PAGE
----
Smokers with a history of anxiety, mood or alcohol use disorders are significantly more likely to be in remission three years later if they quit smoking, an American study has found. Smoking cessation may increase the likelihood of remission, but equally, those who recover may find it easier to quit smoking.

Identifying which patients are at risk of suicide

24 Feb 2014Registered users

Item 9 of the PHQ-9 can be used to identify patients with suicidal thoughts who are at increased risk of suicide. However, this is just one component of the comprehensive and ongoing risk assessment that should be made for all patients with major depression.

The prostatic urethral lift: a new treatment for LUTS

22 Jan 2014Registered users

The search continues for treatments for lower urinary tract symptoms (LUTS) to match the long-term effectiveness of surgical intervention but without the peri- and post-operative complications associated with these procedures. The first multicentre, blinded, randomised controlled study of the prostatic urethral lift has shown promising results.  [With external links to the current evidence base]

Weighing up the risks and benefits of smoking cessation therapies

05 Dec 2013Paid-up subscribers

A prospective cohort study from the UK has found no evidence that varenicline or bupropion raise the risk of depression, self harm or suicide.

Are 5-ARIs suitable for prevention of prostate cancer?

23 Oct 2013Registered users

As with the original Prostate Cancer Prevention Trial, the use of a 5-ARI, in this case finasteride, was seen to reduce the incidence of prostate cancer by about a third. Although high-grade cancer was more common in the 5-ARI group, after 18 years of follow-up there was no significant difference in rates of prostate cancer specific survival or overall survival between the two groups. Prescription of finasteride or dutasteride as a chemopreventive agent against prostate cancer cannot be justified on the available evidence. [With external links to current evidence and summaries]

PSA in men in their 40s predicts risk of prostate cancer death

23 Sep 2013Registered users

For many men, three lifetime PSA tests (mid to late 40s, early 50s and at age 60 years) would be sufficient screening to identify the small number of men developing clinically significant prostate cancer, allowing resources to be concentrated on those at higher risk, a study in the BMJ concludes. The European Association of Urology recommends that all men aged 40-45 years should be offered a baseline PSA to ‘initiate a risk-adapted follow-up approach with the purpose of reducing prostate cancer mortality and the incidence of advanced and metastatic cancer’.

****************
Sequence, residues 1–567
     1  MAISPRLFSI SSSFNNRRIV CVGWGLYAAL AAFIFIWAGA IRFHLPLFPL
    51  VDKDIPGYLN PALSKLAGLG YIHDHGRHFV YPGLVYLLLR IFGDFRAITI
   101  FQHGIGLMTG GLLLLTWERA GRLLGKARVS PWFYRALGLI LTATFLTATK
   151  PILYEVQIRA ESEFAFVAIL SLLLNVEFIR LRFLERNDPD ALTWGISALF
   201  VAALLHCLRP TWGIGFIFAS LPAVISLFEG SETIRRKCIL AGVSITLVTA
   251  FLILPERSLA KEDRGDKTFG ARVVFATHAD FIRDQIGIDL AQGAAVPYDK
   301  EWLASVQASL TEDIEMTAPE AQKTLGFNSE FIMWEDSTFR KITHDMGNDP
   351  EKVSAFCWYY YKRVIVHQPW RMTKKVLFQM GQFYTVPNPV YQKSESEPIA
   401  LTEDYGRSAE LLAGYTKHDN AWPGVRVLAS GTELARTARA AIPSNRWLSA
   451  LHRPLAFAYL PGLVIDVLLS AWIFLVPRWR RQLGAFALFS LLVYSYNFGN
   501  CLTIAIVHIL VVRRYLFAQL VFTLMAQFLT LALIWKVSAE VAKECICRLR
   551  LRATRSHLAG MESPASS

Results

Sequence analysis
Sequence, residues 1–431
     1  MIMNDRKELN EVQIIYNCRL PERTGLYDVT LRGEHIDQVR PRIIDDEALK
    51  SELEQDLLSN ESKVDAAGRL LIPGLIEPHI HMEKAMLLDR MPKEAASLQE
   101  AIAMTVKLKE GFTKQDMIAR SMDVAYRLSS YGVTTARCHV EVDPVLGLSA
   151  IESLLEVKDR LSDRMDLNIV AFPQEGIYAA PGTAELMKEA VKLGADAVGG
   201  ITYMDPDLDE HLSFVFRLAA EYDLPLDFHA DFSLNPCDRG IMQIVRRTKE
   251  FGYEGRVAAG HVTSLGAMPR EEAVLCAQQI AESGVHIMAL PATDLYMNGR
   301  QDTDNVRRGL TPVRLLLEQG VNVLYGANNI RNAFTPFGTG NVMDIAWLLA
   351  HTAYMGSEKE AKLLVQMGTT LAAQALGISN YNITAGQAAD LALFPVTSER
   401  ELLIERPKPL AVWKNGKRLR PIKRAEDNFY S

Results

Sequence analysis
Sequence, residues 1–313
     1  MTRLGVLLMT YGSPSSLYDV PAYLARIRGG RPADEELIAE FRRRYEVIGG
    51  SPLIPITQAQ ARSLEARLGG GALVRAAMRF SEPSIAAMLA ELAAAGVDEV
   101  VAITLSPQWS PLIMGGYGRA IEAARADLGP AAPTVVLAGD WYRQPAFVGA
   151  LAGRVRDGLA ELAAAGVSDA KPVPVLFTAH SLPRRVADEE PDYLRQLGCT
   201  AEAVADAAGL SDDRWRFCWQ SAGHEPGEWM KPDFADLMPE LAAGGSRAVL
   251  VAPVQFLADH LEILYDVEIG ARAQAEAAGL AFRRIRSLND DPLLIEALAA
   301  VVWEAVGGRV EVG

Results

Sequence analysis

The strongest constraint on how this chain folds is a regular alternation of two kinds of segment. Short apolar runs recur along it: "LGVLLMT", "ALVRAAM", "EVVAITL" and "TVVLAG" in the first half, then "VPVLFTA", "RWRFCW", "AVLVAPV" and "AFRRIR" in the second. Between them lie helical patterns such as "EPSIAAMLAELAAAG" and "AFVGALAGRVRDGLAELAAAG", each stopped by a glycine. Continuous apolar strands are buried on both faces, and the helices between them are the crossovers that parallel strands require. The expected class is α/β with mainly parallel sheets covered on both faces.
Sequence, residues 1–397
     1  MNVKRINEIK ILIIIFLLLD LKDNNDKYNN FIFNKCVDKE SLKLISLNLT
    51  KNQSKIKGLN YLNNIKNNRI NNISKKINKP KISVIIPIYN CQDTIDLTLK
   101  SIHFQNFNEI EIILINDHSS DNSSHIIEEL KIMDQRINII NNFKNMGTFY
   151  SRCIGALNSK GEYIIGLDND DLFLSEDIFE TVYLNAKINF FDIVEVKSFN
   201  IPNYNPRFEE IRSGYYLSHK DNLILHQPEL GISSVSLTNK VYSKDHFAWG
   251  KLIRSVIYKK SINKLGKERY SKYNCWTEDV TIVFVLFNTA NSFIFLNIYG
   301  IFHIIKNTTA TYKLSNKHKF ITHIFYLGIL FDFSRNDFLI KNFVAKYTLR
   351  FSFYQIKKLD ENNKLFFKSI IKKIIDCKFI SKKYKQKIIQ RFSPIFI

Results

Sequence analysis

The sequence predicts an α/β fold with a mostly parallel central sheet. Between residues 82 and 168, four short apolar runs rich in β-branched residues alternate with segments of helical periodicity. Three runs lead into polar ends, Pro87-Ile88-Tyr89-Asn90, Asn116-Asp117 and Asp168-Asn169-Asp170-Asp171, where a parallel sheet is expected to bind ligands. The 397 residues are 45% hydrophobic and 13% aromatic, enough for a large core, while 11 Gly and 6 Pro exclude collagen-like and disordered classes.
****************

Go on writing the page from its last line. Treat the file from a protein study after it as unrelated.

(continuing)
Can radical lifestyle changes in diabetes improve CV outcomes?

25 Jul 2013Paid-up subscribers

A major trial to determine whether intensive lifestyle intervention would reduce cardiovascular (CV) morbidity and mortality in type 2 diabetes patients has been stopped early because of failure to show benefit in the intervention group. Nevertheless, clinicians may confidently advise patients that improvements in diet and activity will reduce weight, the need for medications and the incidence of sleep apnoea and will improve wellbeing.

No place for routine urine cytology in haematuria

24 Jun 2013Registered users

A study from a UK teaching hospital looked at 2,778 patients, 1,867 men, with haematuria, seen between 1999 and 2007. The study authors conclude that cytology testing is costly, adds little value to investigation of haematuria and should be omitted from guidelines for the initial assessment of haematuria.

Patients of empathetic GPs have better outcomes

23 May 2013Paid-up subscribers

Patients of empathetic doctors are more satisfied, less anxious, better able to understand and cope with their illness, and more likely to have good outcomes, a systematic review of primary care studies has found. Empathy may improve outcomes in several ways: there may be a direct therapeutic benefit from feeling understood and valued; patients may be more likely to adhere to their treatment and attend follow-up appointments; or the placebo effect of the treatment may be enhanced.

Is baldness a risk factor for coronary heart disease?

25 Apr 2013Registered users

A recent study has potentially identified another risk factor for coronary disease, that of male pattern baldness (androgenetic alopecia).The authors conclude that vertex baldness is associated with an increased risk of coronary heart disease and the strength of this association is dependent on the severity of baldness. This association appears to hold true for younger patients. It should prompt careful evaluation of other cardiovascular risk factors but to what extent it should modify established cardiovascular risk scores is unclear until further evidence is available. 

Time to abandon screening for depression in chronic disease

21 Mar 2013Paid-up subscribers

Screening for depression in patients with coronary heart disease or diabetes does significantly increase the number of patients with recognised depression, but the absolute number is so small that it calls into question the value of screening, a UK retrospective cohort study has found.

Should men who have sex with men be screened for hepatitis C?

21 Feb 2013Paid-up subscribers

Reports of acute HCV infection in HIV-positive men who have sex with men (MSM) have emerged where sexual exposure was the only risk factor. In a systematic review, HIV-positive MSM had approximately four times the risk of acquiring acute HCV infection compared with HIV-negative MSM. The data suggest it would be reasonable to consider routine screening for HCV in HIV-positive MSM.

Is adding CBT effective for treatment-resistant depression?

24 Jan 2013Paid-up subscribers

Addition of CBT to antidepressant drug therapy more than trebles the odds of response for those with treatment-resistant depression, a primary care study has found. The authors suggest that CBT is reserved as an add-on therapy for those who have not responded to drug treatment after 6-8 weeks.